Scott Croteau’s T&G article about marijuana citations and their discontents was quite good, in a connect-the-dots kind of way.
The great thing about the article — though it’s unsaid — is that it compares Leiceister’s marijuana citations (2010 census population = 10,970) versus Dudley’s (2010 census = 11,390). Both towns have a small college, and they’re pretty close in population size, diversity (or lack thereof), and per capita income.
Unfortunately, the article has a lot of apples and oranges. We’re told that Leicester has 126 unpaid citations that have been issued over the last two years; we don’t know how many have been paid (or issued, for that matter). (We do know that “100+ decriminalized tickets” were issued in 2009, according to the Leicester PD website.)
We know that Dudley has 8 unpaid from the last seven months (out of a total of 22). If you assume that there’s been a similar rate of paid/unpaid (and I wouldn’t necessarily assume), that rate would be about 88 over a total of two years. (Where, again, Leicester issued more than 100 in the first year alone.)
According to the article, Worcester (2010 census = 181,045) has had 58 citations from September 11, 2009 to March 3, 2011, or roughly 18 months. Again, assuming a similar rate, that would be about 77 citations in two years’ time.
That means that Leicester likely issued more tickets in one year (2009) than a similarly sized town did over two years, and that it issued more tickets in one year than a city sixteen times its population did over the course of two years.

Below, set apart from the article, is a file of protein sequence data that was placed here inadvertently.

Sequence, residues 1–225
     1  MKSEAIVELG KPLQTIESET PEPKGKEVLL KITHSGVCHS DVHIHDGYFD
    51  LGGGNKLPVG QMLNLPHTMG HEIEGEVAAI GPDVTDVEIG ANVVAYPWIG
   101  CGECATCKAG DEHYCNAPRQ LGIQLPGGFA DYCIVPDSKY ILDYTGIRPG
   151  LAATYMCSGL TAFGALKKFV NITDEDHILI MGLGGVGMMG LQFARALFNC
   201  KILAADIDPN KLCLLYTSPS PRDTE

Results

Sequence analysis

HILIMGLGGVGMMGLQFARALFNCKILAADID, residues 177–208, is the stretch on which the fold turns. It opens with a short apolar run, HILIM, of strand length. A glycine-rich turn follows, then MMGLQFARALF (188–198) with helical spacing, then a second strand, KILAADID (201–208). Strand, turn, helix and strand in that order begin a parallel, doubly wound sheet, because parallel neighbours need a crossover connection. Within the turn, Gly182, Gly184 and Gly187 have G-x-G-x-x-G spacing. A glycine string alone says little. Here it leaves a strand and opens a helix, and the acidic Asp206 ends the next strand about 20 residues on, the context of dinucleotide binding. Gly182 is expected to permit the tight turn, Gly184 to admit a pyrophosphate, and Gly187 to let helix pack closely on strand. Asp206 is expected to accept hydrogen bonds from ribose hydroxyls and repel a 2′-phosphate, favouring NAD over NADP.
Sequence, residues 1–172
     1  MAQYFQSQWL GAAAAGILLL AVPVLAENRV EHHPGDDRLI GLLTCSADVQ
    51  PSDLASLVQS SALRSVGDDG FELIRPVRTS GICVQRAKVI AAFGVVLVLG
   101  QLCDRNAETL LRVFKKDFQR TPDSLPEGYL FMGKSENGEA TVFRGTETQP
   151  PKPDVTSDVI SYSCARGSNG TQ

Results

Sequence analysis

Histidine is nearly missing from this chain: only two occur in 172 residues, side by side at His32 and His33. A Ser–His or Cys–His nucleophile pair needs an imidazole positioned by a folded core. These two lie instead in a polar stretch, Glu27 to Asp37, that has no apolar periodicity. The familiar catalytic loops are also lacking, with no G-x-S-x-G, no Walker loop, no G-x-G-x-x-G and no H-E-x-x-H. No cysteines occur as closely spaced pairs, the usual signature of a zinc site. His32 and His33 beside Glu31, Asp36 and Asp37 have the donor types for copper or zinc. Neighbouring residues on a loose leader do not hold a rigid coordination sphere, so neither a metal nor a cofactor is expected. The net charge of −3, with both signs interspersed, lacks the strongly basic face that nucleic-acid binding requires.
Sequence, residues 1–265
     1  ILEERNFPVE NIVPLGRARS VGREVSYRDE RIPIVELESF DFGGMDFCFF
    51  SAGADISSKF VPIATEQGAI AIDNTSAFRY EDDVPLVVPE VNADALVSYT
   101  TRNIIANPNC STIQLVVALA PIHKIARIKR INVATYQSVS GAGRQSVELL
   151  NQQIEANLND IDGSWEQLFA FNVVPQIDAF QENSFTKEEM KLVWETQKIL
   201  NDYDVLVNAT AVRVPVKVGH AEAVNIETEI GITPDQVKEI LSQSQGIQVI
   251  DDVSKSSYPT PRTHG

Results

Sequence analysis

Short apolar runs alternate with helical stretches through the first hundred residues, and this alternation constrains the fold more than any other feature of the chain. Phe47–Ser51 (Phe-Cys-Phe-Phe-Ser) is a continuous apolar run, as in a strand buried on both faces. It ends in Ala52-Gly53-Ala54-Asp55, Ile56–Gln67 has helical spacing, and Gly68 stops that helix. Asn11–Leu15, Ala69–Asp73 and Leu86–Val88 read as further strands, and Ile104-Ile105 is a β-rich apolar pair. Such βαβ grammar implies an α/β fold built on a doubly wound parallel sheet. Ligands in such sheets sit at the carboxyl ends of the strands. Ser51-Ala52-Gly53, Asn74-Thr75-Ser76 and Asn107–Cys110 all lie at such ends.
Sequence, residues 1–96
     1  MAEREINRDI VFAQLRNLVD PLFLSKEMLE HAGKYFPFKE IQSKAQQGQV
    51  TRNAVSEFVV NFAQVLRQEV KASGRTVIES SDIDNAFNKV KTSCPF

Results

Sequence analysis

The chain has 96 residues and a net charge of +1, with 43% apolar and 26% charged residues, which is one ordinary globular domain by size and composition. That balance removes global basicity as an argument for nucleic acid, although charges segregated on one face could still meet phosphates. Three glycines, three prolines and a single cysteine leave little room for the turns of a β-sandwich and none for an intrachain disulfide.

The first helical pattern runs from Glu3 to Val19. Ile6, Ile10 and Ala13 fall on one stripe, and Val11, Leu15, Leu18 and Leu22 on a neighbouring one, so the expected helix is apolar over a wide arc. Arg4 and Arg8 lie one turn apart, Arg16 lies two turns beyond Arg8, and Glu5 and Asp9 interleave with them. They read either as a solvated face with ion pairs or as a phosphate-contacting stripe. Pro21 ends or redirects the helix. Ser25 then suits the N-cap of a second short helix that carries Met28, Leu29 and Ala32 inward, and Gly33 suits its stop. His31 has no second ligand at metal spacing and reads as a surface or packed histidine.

That, my friends, is the real story.
Here’s what would help flesh this story out:
1) We need to know how many tickets Leicester has issued over the past two years. Worcester’s rate of tickets paid vs. issued is 64% (37 paid/58 issued). Dudley’s is also 64% (14 paid/22 issued). Perhaps Leicester’s rate is the same; if they’ve issued roughly 340 tickets (which seems a distinct possibility), their rate is roughly equivalent to that of Worcester or Dudley.
2) It would help if we were comparing the same periods in this article. Comparing a seven month period to a two-year period (with incomplete data) to an 18 month period makes for difficult reading.
3) It would help to know what a good rate of return is on these types of tickets.
The larger question, of course, is why the town of Leicester assumes that ticketing for possession of marijuana can make enough of a budget difference to pay for more than half a dozen part-time officers, or why Chief Hurley feels the primary reason people like me voted for this law is that we felt it would be a new revenue stream.
I didn’t vote for this because I wanted small-town cops in someone’s business about a relatively minor offense, and it doesn’t bother me in the least that it’s unenforceable.
I knew when I voted for it that it was unenforceable. That was the point.
I am straight edge. I really don’t see much difference between someone using that drug and using a legal drug like alcohol. I certainly don’t see why someone should be punished for having a small amount of marijuana when they can carry a fifth of whiskey with no consequence.
And I should clarify: I don’t think Chief Hurley’s bad. I wish the Worcester PD had a weekly column like his. I drive through Leicester quite a bit, and I’ve never noticed predatory speed enforcement like I have in other towns.
But I think he’s really wrong about this, and it’s really unfortunate that he’s taken the law as a fiat from the electorate to offset municipal budget cuts by targeting stoners. And I wish someone had asked why he’s taken it that way.